Angelique Kerber while chatting in German in her post-match press conference said her result against Shelby Rogers could very well be the match she needed to turn things around in what has been a tame season for the World No 1. She has gone from three Grand Slam finals in 2016 to zero titles in 2017. And one would have reason to believe that would be true considering the German was all but out in the third round at Wimbledon against the American player on Saturday. But she somehow dug deep and used all her fighting powers to come out 4-6, 7-6, 6-4 victorious.
Her win against Rogers, from a set and a break down, was “very important” she said. “I can do it, I can turn the matches around again. It is back,” she said.
Kerber is looking to capitalise on the absence of Serena Williams to become the first German since Steffi Graf to win Wimbledon in 1996. The current World No 1 had lost out in the final last year and is fighting for her number one ranking as well with Simona Halep and Caroline Wozniacki well within reach of taking over at the top.
Rogers belted down 48 winners compared with just 25 from Kerber but she was eventually undone by her unforced errors — the final tally totalling 47. “She was hitting the balls very hard. I was just trying to find my rhythm,” said Kerber. “The key was that I was fighting, and I was never giving up… doesn’t matter what the score was. Without this (fight) I don’t know if I would be in the next round right now.”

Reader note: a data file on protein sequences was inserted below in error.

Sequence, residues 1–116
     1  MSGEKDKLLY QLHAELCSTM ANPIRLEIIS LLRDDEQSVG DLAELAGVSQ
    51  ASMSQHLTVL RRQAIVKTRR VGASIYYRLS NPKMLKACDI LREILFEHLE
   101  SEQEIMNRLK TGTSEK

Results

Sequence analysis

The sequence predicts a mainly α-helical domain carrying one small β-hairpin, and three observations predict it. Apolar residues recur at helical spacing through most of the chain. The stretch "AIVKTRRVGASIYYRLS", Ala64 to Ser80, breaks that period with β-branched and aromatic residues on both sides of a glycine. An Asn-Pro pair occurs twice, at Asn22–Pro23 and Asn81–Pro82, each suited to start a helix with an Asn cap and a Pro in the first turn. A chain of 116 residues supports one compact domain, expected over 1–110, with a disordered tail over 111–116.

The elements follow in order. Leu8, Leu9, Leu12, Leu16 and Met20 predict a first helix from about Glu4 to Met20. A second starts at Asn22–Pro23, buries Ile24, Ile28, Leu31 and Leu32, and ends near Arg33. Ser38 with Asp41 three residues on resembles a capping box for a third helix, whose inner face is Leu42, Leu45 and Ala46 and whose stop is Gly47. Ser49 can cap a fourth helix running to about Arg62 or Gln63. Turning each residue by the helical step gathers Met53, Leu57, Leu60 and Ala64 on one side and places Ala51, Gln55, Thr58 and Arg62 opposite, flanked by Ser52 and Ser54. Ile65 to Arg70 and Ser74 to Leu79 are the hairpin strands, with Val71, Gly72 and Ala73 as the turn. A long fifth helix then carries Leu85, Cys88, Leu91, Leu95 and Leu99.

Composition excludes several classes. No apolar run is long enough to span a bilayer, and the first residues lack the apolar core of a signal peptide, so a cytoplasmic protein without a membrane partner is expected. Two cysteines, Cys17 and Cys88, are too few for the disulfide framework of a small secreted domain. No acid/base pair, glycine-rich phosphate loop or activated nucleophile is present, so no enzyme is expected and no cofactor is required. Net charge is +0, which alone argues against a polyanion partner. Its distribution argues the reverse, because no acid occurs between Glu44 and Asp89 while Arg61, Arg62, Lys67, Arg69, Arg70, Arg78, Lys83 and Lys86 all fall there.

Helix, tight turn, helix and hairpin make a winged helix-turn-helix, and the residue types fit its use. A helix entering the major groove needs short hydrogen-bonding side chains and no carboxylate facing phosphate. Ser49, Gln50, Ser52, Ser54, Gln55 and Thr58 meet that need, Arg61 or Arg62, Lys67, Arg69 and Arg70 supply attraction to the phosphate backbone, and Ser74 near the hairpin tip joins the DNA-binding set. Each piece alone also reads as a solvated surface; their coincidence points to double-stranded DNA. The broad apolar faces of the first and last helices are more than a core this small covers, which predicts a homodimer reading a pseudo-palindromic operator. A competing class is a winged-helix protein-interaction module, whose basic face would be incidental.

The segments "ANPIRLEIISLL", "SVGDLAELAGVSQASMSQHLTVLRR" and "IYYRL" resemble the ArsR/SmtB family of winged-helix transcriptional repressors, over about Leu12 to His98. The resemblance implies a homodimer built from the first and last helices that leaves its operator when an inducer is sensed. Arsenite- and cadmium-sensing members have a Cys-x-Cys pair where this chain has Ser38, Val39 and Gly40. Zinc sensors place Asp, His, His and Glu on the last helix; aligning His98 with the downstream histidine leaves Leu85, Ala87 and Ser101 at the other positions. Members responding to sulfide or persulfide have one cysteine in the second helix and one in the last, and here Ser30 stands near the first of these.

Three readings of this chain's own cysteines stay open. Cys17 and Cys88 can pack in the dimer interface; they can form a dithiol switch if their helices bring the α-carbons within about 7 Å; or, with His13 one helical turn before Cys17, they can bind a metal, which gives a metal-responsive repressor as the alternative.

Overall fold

Rogers capitalised on early advantages garnered by her hard hitting on Kerber’s erratic serving. She earned a break in the third game of the opening and second sets. In the first she went on to close things out but couldn’t do so in the second. She led 4-2 before Kerber came charging back with a net charging half-volley winner in the eighth game the difference maker.
Once Kerber won the longest rally of the match, a 21-shot belter from the baseline, she strode 6-2 ahead in the tiebreak. Even the nuisance of a bee during a service motion couldn’t stop her from winning the second set.
In sharp contrast to the first two sets, Kerber took the early inroads in the deciding set – on the fifth break point opportunity – to lead 1-0. She finally got the job done when Rogers sent a service return long. Kerber will now face Garbine Muguruza in the fourth round who had no trouble dispatching Romania’s Sorana Cirstea 6-2, 6-2 earlier in the day.
Caroline Wozniacki wins from two points of defeat
Former World No 1 Wozniacki came from within two points of defeat to down unseeded Estonian Anett Kontaveit 3-6, 7-6, 6-2 and book herself a fourth round place and a berth in the second week at Wimbledon.
The Dane was being seriously overpowered as Kontaveit hit thumping groundstrokes and winners after another with no response from the normally gutsy and consistent Wozniacki. But just as it looked like Kontaveit had the match wrapped up at 5-3 in the second set, Wozniacki drew back – using all her experience – to break not just once but twice and force a tiebreak which she went on to win.
Wozniacki never let go of the momentum in the deciding set to progress and setup another difficult contest against hard-hitting American Coco Vandeweghe.
Agnieszka Radwanska rides on Timea Bacsinszky’s challenge
Radwanska, who lost the 2012 final to Serena Williams also had to come from a set down to beat Swiss 19th seed Timea Bacsinszky 3-6, 6-4, 6-1 on Centre Court. “I expected a lot of tricky shots from her and a lot of entertaining rallies,” said the Polish ninth seed. She next faces Russian eighth seed Svetlana Kuznetsova, the 2004 US and 2009 French Open champion, who cruised through after posting a comfortably 6-4, 6-0 win over Slovenian qualifier Polona Hercog.
Last-16/Fourth Round match-ups:
Kerber vs Muguruza
Radwanska vs Kuznetsova
Rybarikova vs Martic
Vandeweghe vs Wozniacki
Konjuh vs Venus
Ostapenko vs Svitolina
Konta vs Garcia
Azarenka vs Halep